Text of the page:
World War II service
SANTA ROSA was requisitioned by the US War Shipping Administration on 3 January 1942 with Grace Line operating the ship as agents and allocated to Army for troop service. Even in wartime gray, the ship retained her elegant oceanliner lines:
"..Further down and across the dock, the Grace Line passenger ship SS SANTA ROSA, also lay waiting. She was painted wartime gray but she still flaunted her nubile twin funnels, sweeping bow and long, beautiful lines; She exuded an aura of speed, luxury, and moonlight tropical nights. The SS SANTA ROSA was sexier than Rita Hayworth in a travel poster..."
SANTA ROSA made 21 voyages from the east coast of the US from 1942-1945: one to Europe, one to Australia, one to India, and three to Africa.
Her wartime voyages included:
January 1942 - New York to Melbourne and Nouméa via the Panama Canal
April 1942 - Suez, Massaua, Adan, Durban
November 1942 - to the Clyde
November 1942 - to Casablanca
January 1943 - to Casablanca
February 1943 - Bermuda and Casablanca
April 1943 - Casablanca, Gibraltar, the Clyde, Algiers, and Phillippeville
August 1943 - Oran in Algeria
October 1943 - Boston to Swansea, the Clyde, Palermo, Newport UK
December 1943 - via Boston to Bristol and Newport
February 1944 - Belfast
March 1944 - from Boston to Avonmouth and Cardiff
May 1944 - via Norfolk to Naples and Gibraltar
July 1944 - via Norfolk to Oran, Naples, and Cape Henry
October 1944 - Marseilles, Oran, and Gibraltar
December 1944 - from Boston to Swansea and retuen to Boston
January 1945 - Le Havre and Southampton
February 1945 - to La Harve and Plymouth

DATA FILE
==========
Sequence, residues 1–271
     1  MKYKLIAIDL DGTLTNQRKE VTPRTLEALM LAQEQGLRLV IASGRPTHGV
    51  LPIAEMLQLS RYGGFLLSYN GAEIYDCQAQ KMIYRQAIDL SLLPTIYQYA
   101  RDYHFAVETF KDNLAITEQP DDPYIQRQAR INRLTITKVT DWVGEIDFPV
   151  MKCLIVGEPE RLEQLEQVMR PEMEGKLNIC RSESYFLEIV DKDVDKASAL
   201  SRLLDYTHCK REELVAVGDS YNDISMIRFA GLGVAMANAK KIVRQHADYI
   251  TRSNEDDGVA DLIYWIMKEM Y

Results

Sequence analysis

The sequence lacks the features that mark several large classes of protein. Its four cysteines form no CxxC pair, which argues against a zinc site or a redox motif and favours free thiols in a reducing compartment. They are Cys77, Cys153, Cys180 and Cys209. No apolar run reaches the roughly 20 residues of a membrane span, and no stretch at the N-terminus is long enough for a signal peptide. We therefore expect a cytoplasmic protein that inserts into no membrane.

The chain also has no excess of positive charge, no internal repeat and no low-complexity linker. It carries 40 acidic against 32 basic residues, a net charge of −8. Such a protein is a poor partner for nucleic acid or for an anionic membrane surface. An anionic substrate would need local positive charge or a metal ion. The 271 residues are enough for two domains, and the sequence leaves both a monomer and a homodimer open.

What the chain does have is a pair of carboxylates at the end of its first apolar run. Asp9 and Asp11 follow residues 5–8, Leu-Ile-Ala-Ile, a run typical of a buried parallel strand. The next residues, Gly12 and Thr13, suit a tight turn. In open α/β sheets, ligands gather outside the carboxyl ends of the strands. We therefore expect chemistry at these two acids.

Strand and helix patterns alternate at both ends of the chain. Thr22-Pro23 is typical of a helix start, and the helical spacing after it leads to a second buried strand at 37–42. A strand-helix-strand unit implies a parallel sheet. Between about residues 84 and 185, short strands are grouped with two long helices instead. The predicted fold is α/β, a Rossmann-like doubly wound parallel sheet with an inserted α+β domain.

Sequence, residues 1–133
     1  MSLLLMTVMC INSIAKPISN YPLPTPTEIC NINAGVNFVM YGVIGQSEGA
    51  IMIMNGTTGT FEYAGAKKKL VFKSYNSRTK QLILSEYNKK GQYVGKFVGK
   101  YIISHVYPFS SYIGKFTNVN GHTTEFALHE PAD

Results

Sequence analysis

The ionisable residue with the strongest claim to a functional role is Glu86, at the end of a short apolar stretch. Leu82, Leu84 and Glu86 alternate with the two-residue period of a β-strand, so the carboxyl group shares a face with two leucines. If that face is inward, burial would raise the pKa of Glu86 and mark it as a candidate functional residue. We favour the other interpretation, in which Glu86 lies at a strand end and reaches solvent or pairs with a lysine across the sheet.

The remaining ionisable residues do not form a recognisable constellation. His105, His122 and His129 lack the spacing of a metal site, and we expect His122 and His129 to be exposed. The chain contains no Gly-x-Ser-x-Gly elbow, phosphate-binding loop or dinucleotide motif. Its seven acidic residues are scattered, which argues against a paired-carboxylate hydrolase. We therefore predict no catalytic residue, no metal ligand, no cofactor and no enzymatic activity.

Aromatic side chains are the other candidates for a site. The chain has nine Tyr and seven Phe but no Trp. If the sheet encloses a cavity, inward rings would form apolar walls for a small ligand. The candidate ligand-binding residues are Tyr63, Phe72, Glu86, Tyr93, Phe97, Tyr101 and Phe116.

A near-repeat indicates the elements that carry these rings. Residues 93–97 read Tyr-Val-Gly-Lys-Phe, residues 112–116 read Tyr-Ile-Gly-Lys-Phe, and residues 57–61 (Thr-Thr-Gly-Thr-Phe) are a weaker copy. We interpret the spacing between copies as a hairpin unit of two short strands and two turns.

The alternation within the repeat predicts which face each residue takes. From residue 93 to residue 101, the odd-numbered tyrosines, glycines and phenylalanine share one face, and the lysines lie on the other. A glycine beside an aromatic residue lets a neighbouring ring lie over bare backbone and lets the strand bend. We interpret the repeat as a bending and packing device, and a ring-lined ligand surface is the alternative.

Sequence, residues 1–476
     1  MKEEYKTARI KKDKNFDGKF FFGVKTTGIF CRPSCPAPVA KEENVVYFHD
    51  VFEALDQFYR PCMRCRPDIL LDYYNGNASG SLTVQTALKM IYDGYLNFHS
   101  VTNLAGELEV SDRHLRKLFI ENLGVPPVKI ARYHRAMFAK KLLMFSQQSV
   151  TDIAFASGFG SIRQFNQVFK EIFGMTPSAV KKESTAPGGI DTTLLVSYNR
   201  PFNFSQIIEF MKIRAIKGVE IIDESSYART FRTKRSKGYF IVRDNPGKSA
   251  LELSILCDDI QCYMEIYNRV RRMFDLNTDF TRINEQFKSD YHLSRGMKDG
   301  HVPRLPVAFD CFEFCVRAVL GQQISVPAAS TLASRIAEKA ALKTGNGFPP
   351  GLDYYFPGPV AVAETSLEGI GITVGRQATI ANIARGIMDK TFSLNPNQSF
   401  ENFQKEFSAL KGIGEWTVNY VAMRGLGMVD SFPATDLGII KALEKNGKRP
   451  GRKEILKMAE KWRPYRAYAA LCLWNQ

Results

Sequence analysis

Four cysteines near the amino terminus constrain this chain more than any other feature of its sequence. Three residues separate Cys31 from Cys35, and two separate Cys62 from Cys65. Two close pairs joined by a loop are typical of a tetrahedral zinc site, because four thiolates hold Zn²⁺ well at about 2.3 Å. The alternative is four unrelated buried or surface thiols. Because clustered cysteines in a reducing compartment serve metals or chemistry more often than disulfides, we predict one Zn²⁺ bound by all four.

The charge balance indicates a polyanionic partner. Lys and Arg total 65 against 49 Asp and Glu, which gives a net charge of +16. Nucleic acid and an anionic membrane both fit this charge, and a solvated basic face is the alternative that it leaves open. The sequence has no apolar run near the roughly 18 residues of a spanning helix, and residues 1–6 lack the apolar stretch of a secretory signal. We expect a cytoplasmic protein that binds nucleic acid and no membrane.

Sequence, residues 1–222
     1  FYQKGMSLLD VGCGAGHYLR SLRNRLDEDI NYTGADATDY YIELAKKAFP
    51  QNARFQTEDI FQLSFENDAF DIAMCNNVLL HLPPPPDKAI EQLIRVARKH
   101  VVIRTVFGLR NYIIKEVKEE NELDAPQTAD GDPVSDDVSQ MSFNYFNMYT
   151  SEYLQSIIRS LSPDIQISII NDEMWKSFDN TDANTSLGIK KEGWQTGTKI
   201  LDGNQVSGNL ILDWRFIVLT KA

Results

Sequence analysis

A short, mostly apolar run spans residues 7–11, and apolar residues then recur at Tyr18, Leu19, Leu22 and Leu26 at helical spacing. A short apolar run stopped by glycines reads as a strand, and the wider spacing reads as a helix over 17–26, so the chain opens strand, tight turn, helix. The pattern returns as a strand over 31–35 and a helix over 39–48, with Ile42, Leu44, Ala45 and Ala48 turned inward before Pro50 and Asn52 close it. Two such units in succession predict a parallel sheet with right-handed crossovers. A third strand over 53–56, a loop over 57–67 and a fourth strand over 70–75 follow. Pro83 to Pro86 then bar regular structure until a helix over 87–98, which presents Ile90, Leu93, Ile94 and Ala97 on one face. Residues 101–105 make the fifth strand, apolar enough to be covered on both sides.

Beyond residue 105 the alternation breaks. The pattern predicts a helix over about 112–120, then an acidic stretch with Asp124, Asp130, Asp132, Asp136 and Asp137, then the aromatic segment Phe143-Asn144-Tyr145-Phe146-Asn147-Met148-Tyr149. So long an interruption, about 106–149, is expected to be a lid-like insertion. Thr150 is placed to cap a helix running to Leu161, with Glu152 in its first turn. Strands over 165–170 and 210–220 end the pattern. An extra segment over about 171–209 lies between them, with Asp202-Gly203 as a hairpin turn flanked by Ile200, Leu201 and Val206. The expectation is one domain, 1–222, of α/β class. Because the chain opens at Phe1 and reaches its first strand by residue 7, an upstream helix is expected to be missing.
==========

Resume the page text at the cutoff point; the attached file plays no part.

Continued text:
March 1945 - to The Solent, Le Havre, Southampton
June 1945 - Southampton
July 1945 - Le Havre and Cherbourg with return to Hampton Roads, to Plymouth and Le Havre
August 1945 - Le Havre and Cherbourg with return to Hampton Roads, to Plymouth and Le Havre
September 1945 - Marseilles
October 1945 - from New York via Port Said to Karachi
December 1945 - from New York via Port Said to Karachi with return to New York in January 1946
The vessel was returned to Grace Line on 3 February 1947.
Postwar Grace Line service
After her war service she underwent repair and refit at the Newport News Shipbuilding & Drydock Company prior to redelivery to her owners. SANTA ROSA returned to Grace Line and resumed the Caribbean service on 7 February 1947. In 1958, after 26 years of service, SANTA ROSA was replaced by a larger liner of the same name. In June 1958 SANTA ROSA was renamed SANTA PAULA The older ship was laid up at Hoboken, NJ until 1961 when she was sold to Greek owners.
Typaldos Lines service
SANTA ROSA was renamed ATHINAI and began a new career as a cruise ship for Aegean SN Typaldos Lines, Piraeus. A refit increased her accommodation and converted her to carry three classes of passengers. She entered service for her new owners for voyages in the Mediterranean, Black Sea and Adriatic. ATHINAI in her Typaldos Line livery appears briefly in a scene of the port of Piraeus, Greece, in the 1963 film The Bullfighter Advances. In 1968 the Typaldos Lines owners were arrested and the company disbanded after the Greek government investigation of the SS HERAKLION incident found them guilty of manslaughter and negligence. The company's ships were taken over and sold except for two, including SS ATHINAI, who attracted no buyers and were subsequently laid up at Phaleron Bay.
1966–89.
SANTA ROSA/ATHINAI never returned to active service. In 1978 she was towed out of layup for use as a film set for Raise the Titanic. After a decade of neglect, and with fittings that did not appear to be out of place on a 1912 built ship, ATHINAI needed very little conversion work for filming the Titanic’s interiors. Her bows were painted to resemble Titanic and she was sprayed with concrete to simulate 68 years on the ocean floor. After the filming she was returned to Phaleron Bay. She remained for another ten years until 1989, when she was towed for scrapping at Aliağa, Turkey in a purge of derelict shipping. She arrived at Aliaga 19 April 1989 and was scrapped by Nigdeliler Hurdacilik.

https://en.wikipedia.org/wiki/SS_Santa_Rosa_(1932) http://www.miramarshipindex.nz
Curacao 2017 121 and 308c sg?, scott?
aukepalmhof